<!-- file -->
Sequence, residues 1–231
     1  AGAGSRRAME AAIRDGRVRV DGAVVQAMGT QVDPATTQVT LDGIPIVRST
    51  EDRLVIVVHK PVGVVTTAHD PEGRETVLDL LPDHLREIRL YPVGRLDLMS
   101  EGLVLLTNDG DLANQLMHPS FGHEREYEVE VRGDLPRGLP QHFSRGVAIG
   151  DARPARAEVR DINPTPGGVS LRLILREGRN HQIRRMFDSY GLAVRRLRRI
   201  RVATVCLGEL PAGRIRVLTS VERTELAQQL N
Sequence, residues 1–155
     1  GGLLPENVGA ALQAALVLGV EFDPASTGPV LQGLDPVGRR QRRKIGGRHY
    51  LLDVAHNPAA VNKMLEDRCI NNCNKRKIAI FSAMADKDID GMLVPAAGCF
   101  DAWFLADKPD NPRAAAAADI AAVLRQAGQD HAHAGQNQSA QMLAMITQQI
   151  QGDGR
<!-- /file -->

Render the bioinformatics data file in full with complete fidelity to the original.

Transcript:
Sequence, residues 1–231
     1  AGAGSRRAME AAIRDGRVRV DGAVVQAMGT QVDPATTQVT LDGIPIVRST
    51  EDRLVIVVHK PVGVVTTAHD PEGRETVLDL LPDHLREIRL YPVGRLDLMS
   101  EGLVLLTNDG DLANQLMHPS FGHEREYEVE VRGDLPRGLP QHFSRGVAIG
   151  DARPARAEVR DINPTPGGVS LRLILREGRN HQIRRMFDSY GLAVRRLRRI
   201  RVATVCLGEL PAGRIRVLTS VERTELAQQL N
Sequence, residues 1–155
     1  GGLLPENVGA ALQAALVLGV EFDPASTGPV LQGLDPVGRR QRRKIGGRHY
    51  LLDVAHNPAA VNKMLEDRCI NNCNKRKIAI FSAMADKDID GMLVPAAGCF
   101  DAWFLADKPD NPRAAAAADI AAVLRQAGQD HAHAGQNQSA QMLAMITQQI
   151  QGDGR